“Yes, Papa!” Guddi exclaimed. She was busy playing with her dollhouse until now. Sudha had told her five times not to make a mess. Guddi had neither listened nor responded. But now, her ears and tongue suddenly started working again! “Let us eat bread rolls for breakfast. But don’t put too much spice in it,” she ordered.
“Bread rolls?” I asked vaguely, I had no idea how they were prepared. “Ok, sweetie,” I said to my child. As hunger clawed my stomach, too, I got up to prepare something, which I hoped would look like bread rolls.
As I was going towards the kitchen, Sudha called. I turned eagerly, hoping against hope for her to change her mind. But she merely asked with a voice full of cynicism, “Do you know how to make them?”
My pride again reared its head at the wrong moment and made me say, “What do you think of me? Won’t I know such a simple thing?” Saying this, I raised my head with arrogance and strode into the kitchen.
After fifteen noisy minutes of search, I finally located potatoes and bread. These I knew were the key ingredients required for bread rolls. I rolled up my sleeves to mash the potatoes. However, I soon realized that I would have to boil them first. So I put them in the cooker with a lot of water and put them on to boil, congratulating myself on the success so far.
While the potatoes were boiling, I decided to mash the bread. I also had to figure out other minor ingredients, and the trick to sticking the bread to the mashed potatoes. Soon I had a plate full of crumbled bread, and all other minor ingredients like spices and oil lined up on the slab. By now, twenty minutes had passed, and Munoo and Guddi were shouting for their breakfast. I removed the cooker from the burner and transferred its contents to a plate. I gazed at the well-organized arrangement on the kitchen slab and tried to decide the next step.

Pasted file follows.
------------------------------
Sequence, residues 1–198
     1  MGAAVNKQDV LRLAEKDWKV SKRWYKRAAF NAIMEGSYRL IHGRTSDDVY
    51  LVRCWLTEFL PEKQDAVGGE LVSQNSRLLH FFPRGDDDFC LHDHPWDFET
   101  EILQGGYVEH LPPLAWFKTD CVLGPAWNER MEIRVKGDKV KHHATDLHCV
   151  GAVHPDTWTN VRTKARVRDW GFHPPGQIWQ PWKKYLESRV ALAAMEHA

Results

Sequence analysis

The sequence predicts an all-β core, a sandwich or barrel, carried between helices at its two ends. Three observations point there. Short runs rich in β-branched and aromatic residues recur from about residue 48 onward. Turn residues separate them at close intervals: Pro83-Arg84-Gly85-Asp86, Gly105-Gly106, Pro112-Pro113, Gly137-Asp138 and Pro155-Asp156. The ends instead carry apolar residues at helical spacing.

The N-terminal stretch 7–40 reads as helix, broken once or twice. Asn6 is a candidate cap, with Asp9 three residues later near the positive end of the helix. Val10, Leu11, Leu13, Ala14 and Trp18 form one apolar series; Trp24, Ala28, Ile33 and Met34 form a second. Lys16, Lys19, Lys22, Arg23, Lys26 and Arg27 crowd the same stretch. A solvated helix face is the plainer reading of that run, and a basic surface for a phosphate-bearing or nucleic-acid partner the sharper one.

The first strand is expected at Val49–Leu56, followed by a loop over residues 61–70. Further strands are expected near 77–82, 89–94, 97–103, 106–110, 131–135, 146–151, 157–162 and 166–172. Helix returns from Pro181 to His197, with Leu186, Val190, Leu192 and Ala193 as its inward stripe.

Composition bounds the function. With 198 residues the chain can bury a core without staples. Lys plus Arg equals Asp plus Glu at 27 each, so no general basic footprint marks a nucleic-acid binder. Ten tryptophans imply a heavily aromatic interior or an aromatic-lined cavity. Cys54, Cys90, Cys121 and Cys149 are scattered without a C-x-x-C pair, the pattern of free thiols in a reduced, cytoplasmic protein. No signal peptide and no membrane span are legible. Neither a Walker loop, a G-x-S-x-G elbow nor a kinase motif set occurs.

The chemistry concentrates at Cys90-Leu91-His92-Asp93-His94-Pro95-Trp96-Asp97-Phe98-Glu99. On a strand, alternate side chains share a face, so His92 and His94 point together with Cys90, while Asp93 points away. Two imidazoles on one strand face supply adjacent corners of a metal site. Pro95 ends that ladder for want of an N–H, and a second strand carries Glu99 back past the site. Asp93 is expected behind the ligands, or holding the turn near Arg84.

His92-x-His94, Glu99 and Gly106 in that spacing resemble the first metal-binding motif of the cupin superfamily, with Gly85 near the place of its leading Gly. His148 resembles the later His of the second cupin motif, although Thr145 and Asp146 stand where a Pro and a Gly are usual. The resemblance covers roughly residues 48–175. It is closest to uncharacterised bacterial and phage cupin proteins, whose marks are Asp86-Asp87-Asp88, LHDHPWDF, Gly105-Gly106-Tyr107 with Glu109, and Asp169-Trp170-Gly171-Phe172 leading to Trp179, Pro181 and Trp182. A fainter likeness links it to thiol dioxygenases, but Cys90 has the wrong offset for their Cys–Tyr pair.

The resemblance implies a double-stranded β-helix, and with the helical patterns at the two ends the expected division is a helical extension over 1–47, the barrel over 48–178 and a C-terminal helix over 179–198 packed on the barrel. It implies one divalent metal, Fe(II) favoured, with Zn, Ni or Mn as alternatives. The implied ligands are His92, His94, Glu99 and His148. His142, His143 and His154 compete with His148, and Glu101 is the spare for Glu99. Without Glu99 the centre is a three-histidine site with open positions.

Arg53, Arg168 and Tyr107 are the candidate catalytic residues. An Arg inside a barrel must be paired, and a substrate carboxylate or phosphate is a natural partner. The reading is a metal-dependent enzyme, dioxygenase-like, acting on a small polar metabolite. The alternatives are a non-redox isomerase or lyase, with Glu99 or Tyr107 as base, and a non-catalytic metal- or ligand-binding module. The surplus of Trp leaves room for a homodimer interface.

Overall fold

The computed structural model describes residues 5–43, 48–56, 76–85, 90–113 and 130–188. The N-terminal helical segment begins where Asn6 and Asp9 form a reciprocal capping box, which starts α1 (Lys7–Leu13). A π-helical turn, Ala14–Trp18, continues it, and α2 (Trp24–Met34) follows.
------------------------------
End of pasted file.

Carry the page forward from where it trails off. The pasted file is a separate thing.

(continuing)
The bread was ready, spices and oil waiting, it only remained for the potatoes to get mashed up. Deciding this, I picked up the biggest potato from the plate. It was steaming hot. A fact which I noticed when it scalded my fingers, jumped out of my grasp, and vanished. I took a couple of steps back to find it on the floor. Well, I could not do so, but my foot did. It landed straight on the round potato. The next moment, I was sprawled on the floor with my foot twisted at a crazy angle.
My loving wife gave up her constitutional holiday, took me to the hospital, and got my ankle fracture fixed. While in the hospital, I met three other poor husbands of our society. One of them had burnt his hand and the other had a deep cut in his right palm. The third had suffered a nervous breakdown at the sight of the Homemakers Liberty Declaration.
Fortunately, my broken ankle won me the exemption from that Sunday’s household duties. But the fear of other Sundays loomed large over my heart.
The next morning, when I woke up, a very welcome sight met me. Torn bits of the Declaration of Homemakers Liberty were lying on the floor. As Sudha rushed to help me to a chair, she pushed these bits aside with her foot. I looked at her with a questioning glance. “I realized,” she answered, laughing, “that it is not me who lacks freedom and independence, rather…” She let her sentence remain unfinished.
She did not need to complete it.
HAPPY WOMEN’S DAY!
I hope you liked this funny story and it made you smile. Share it with your friends and spread the chuckle!
Check out Jyoti Arora’s Books
(Click on the picture given below)